This could have been homecoming week in this pretty seaside town. Seven months after most residents fled as explosions rocked the nearby Fukushima Daiichi nuclear plant, the Japanese government has declared it safe to return to Hirono.
But a week after the country’s Nuclear Disaster Minister lifted the government’s evacuation recommendation for Hirono and three other towns, no one has returned. The only people in Hirono are the same hard-core few who ignored the evacuation advisory all along, plus the teams of rescue workers who use the town as a base while they race to and from the battle to repair the four damaged reactors to the north.
For the rest of the town’s pre-disaster population of 5,500 – including the outspoken mayor – an assurance from Tokyo is nowhere near enough to persuade them to return. Most prefer to remain, for now, in cramped temporary accommodations further from Fukushima Daiichi.
“I don’t plan to come back, ever,” said a middle-aged woman who briefly visited Hirono this week to retrieve belongings from the two-storey home that she and her family fled on March 12, the day after the tsunami that set in motion the worst nuclear disaster since Chernobyl. She paused to take in her abandoned home’s view of the ocean and its now-unkempt garden. “I’ll never feel safe here. I’ll never feel secure.”
The area where the government has lifted its advisory was one of three evacuation zones around the plant. The 20-kilometre radius around Fukushima Daiichi remains a no-go zone for the foreseeable future, as does a heavily contaminated corridor northwest of the plant that was later added to the mandatory evacuation zone. Once home to more than 100,000 people, the areas are expected to be uninhabitable for upward of two decades.
Hirono and the three other towns that the government is encouraging residents to return to are in a third zone, between 20 and 30 kilometres from the plant. Pregnant women and hospitalized patients were advised to evacuate the towns in mid-April, the rest of the 58,500 who live in the area were told at the same time to be ready to flee “on a moment’s notice.” All left immediately, with the exception of 300 steadfast residents, most of them elderly enough to claim they aren’t worried about the long-term effects of radiation.
Shifting official recommendations since the disaster struck – as well as new revelations about the scope of the disaster of Fukushima Daiichi that still make newspaper headlines on a near-daily basis here – leaves few locals willing to trust the latest assessment from Tokyo.
Hirono’s mayor, Motohoshi Yamada, is among those staying away for now. In his estimation, the order from Tokyo – announced by new Prime Minister Yoshihiko Noda – was made perhaps 15 months too early.
“The government’s figures on radiation are not that trustworthy. They’re not precise. My goal is to bring the radiation levels back down to what they were before March 11,” Mr. Yamada said in an interview at his administration’s temporary headquarters in the city of Iwaki, another 25 kilometres south of Hirono and away from Fukushima Daiichi.
In the past week alone, plutonium was discovered in soil 40 kilometres from the stricken plant and a local environmental group reported finding levels of radioactive cesium in the city of Fukushima, 60 kilometres from the plant, that were triple the level that requires sealing in concrete. Hirono residents whisper about sky-high cesium-137 readings rumoured to have been taken near the window of the local school.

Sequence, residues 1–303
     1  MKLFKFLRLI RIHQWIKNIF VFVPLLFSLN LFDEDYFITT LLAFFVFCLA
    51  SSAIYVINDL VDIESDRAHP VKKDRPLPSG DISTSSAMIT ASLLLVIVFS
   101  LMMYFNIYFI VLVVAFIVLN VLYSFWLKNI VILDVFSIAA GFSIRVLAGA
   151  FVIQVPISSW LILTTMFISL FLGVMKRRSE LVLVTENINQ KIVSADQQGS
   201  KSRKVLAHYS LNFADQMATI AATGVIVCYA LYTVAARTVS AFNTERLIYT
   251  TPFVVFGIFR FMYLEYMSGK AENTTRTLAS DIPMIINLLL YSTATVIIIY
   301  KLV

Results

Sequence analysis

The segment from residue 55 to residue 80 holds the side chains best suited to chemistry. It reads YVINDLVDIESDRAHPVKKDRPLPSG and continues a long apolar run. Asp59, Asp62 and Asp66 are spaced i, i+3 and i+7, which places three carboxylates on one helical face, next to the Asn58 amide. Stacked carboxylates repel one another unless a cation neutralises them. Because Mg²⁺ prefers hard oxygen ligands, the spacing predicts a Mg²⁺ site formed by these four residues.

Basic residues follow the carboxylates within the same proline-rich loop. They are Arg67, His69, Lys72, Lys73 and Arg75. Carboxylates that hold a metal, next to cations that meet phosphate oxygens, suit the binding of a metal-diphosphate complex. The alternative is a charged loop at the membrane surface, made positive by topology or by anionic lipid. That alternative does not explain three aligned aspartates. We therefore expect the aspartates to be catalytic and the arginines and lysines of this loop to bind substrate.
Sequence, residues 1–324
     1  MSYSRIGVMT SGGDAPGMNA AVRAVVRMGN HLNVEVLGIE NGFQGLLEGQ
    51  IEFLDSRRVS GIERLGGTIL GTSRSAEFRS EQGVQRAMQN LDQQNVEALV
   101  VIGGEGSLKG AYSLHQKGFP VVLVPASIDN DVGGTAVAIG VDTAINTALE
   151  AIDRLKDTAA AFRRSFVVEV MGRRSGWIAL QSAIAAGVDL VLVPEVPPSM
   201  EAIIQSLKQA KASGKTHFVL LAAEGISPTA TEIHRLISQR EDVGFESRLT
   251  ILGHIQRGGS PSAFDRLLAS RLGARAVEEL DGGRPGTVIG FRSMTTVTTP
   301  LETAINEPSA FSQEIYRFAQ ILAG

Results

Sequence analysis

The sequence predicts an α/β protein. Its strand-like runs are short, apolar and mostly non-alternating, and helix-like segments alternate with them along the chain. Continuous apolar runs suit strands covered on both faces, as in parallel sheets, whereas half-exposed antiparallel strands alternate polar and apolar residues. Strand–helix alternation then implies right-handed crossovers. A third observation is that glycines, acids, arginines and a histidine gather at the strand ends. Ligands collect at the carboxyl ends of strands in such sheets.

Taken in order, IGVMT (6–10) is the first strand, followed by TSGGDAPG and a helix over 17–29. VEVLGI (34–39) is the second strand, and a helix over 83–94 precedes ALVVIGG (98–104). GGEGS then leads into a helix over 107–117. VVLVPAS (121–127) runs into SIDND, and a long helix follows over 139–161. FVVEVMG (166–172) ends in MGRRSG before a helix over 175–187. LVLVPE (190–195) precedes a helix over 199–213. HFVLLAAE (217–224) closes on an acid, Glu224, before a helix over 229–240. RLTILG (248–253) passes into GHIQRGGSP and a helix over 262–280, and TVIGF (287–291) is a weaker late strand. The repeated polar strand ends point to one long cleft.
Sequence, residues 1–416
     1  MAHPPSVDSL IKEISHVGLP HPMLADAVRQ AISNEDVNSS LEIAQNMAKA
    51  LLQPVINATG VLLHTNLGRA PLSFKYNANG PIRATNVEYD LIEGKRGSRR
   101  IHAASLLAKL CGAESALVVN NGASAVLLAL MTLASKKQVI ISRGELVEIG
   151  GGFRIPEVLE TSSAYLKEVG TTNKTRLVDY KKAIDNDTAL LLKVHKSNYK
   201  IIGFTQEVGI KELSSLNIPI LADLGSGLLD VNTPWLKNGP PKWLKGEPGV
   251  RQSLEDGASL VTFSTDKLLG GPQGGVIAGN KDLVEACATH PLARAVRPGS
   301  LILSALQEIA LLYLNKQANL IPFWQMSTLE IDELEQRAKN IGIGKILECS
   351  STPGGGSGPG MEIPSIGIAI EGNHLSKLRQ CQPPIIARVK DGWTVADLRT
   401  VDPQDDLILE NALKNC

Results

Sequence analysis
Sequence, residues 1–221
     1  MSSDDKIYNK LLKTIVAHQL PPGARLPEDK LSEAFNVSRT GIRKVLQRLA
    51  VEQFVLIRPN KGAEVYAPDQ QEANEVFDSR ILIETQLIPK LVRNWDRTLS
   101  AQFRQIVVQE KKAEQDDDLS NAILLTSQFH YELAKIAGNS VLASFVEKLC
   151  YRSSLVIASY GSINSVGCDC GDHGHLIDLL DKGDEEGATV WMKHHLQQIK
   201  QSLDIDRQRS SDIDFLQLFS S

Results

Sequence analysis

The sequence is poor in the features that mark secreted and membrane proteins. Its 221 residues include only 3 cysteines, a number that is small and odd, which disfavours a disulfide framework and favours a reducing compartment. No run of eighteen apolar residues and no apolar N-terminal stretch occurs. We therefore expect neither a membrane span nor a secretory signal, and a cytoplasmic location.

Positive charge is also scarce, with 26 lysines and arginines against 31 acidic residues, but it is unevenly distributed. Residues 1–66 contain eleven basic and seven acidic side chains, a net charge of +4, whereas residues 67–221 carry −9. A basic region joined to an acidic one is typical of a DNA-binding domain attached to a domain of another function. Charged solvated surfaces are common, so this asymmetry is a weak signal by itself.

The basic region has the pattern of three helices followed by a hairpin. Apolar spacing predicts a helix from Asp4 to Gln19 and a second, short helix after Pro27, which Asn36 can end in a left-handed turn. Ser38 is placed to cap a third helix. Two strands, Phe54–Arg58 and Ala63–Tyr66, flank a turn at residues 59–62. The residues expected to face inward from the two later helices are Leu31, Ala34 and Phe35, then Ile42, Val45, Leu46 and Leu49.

A radiation dosimeter set up in Hirono’s near-deserted town hall bobbed around 0.09 microsievert per hour this week, a level that suggests annual exposure below the International Commission on Radiological Protection’s recommended limit of 1 millisievert per year. But few appeared convinced by an indoor dosimeter maintained by Tokyo Electric Power Company (better known as TEPCO), the same utility that operates the Fukushima Daiichi plant. “That’s just the indoor radiation,” snorted a 77-year-old woman who walked by the dosimeter clutching a bag full of bottled water. “There are hot spots all over town.”
Mr. Yamada said he wouldn’t recommend his constituents return to Hirono until the town’s upper crust of contaminated earth and pavement is scraped away, a cleanup that is expected to take until December of 2012. Only then – and barring any further setbacks – will Mr. Yamada advise people to go home.
“Restoring and revitalizing the town will take a very long time, but the situation at Fukushima Daiichi is still not solved yet,” he said.
Before the disaster, Hirono was best known for hosting J-Town, a soccer training centre used by Japan’s national team. Today, J-Town hosts 3,000 blue-uniformed nuclear workers, front-line troops in the ongoing effort to bring Fukushima Daiichi’s reactors under control.
Their escorted convoys to and from the crippled reactors provide the bulk of the activity on Hirono’s otherwise empty streets. Those working inside the plant provide little reason for optimism. “It’s endless, endless. The task will never end,” said a senior nuclear engineer who spends six hours a day, five days a week supervising the effort to make sure the reactor cores that partially melted down in March remain immersed in cooling water.
Speaking on the condition of anonymity, the nuclear worker said he wouldn’t risk having his own family join him in Hirono. “No matter how much they say it’s safe, as long as the soil contamination exists, I could not bring my relatives here.” And, he added, there remains the possibility of another explosion “if someone is careless or the cooling facility stops.”
Nightmare scenarios aside, some of those who have remained in Hirono throughout say they expect their town to retain its ghostly feel for some time to come.